Covid-19 quarantines have been smashing North Korea’s food imports and the domestic food production has been way down.
So why haven’t you been hearing about it?
It’s because North Korea is being more secretive about it this year than ever before, and to say that about the ‘Hermit Kingdom’ is saying something.
North Korea was among the first nations in the world to close their border and since then it has been a very slow process to reopen. Since then, there has been widespread panic throughout the country because there is so little information available and so little trust in the government. The nation is in a social bubble and this has caused paralyzing fear over the course of the pandemic.
“It has been almost impossible for us to send in shipments of food,” reports one BTJ missionary operating in North Korea. “The situation is really bad. We are constantly getting requests for food, but the possibilities of getting food in is almost impossible.”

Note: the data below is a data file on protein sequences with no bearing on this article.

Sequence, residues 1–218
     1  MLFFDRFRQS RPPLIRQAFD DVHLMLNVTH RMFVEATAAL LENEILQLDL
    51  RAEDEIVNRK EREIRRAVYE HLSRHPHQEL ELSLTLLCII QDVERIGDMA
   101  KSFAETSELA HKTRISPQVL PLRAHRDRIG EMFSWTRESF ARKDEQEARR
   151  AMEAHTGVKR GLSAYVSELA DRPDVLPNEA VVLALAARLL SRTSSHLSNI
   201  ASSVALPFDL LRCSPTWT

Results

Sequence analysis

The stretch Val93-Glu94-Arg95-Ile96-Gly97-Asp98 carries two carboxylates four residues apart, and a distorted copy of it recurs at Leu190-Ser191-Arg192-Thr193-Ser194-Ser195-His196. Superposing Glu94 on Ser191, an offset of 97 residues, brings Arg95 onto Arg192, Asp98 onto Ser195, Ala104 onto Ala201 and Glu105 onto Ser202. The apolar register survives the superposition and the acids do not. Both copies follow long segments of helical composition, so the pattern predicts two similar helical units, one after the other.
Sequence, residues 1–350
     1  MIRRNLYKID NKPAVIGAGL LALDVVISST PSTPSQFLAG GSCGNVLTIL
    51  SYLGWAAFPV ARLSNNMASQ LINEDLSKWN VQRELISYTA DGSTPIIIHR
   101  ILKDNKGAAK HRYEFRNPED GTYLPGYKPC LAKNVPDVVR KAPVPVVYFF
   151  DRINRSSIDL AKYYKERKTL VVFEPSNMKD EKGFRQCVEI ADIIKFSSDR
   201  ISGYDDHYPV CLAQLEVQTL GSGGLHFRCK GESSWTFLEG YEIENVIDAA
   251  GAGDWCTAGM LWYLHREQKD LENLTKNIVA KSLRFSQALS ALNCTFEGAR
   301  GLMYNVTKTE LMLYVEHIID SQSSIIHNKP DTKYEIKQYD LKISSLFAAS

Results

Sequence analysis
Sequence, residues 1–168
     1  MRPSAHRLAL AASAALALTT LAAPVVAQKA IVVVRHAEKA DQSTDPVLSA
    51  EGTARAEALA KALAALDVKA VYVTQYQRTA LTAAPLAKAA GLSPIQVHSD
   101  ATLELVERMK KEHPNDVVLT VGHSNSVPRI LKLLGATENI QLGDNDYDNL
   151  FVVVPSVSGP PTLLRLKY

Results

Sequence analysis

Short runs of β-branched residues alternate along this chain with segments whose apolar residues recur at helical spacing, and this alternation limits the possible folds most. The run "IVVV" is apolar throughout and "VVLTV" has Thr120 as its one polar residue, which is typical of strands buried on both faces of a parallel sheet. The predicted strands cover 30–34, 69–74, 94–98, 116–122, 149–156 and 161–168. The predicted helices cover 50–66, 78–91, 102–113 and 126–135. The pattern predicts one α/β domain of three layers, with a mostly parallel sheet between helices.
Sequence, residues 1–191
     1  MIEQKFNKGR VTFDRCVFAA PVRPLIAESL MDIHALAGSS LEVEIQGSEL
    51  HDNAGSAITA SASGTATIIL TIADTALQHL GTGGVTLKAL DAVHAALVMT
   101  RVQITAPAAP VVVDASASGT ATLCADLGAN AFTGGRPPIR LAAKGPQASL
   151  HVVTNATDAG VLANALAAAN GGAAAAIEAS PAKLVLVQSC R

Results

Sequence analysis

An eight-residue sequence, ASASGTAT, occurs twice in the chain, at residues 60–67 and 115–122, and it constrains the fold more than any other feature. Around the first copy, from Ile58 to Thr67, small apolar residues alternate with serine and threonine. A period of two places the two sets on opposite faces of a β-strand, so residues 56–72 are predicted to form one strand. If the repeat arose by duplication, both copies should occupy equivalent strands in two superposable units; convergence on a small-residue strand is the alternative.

This is the information that North Korea is desperately trying to keep secret, but there are a few voices sounding the alarm. Youngchang Song, a member of the Seoul-based Worldwide Coalition to Stop Genocide in North Korea, reported, “People were already suffering from shortages of food because the spring months, before the first crops can be harvested, is well-known to be a time of hunger. Now people cannot go out to work in the fields to tend their crops, there is nothing to eat and no medicines in the shops, they cannot go to the underground markets and nothing is being smuggled over the border from China,” he said. “There is just nothing for them.”
Rail services between North Korea and China are reportedly about to resume, but so far there has been little evidence at the border crossing of goods being shipped.
North Korea is trying to hide the fact that they need help and they are even rejecting aid. Fears are mounting that the first sign of this secret getting out might be a massive body count of people starving to death.
BTJ missionaries are helping. This year there have been small opportunities to get food into North Korea. Due to security concerns, it is not possible to report the details of their operations, but they have asked BTJ partners to continue praying for the underground church in North Korea.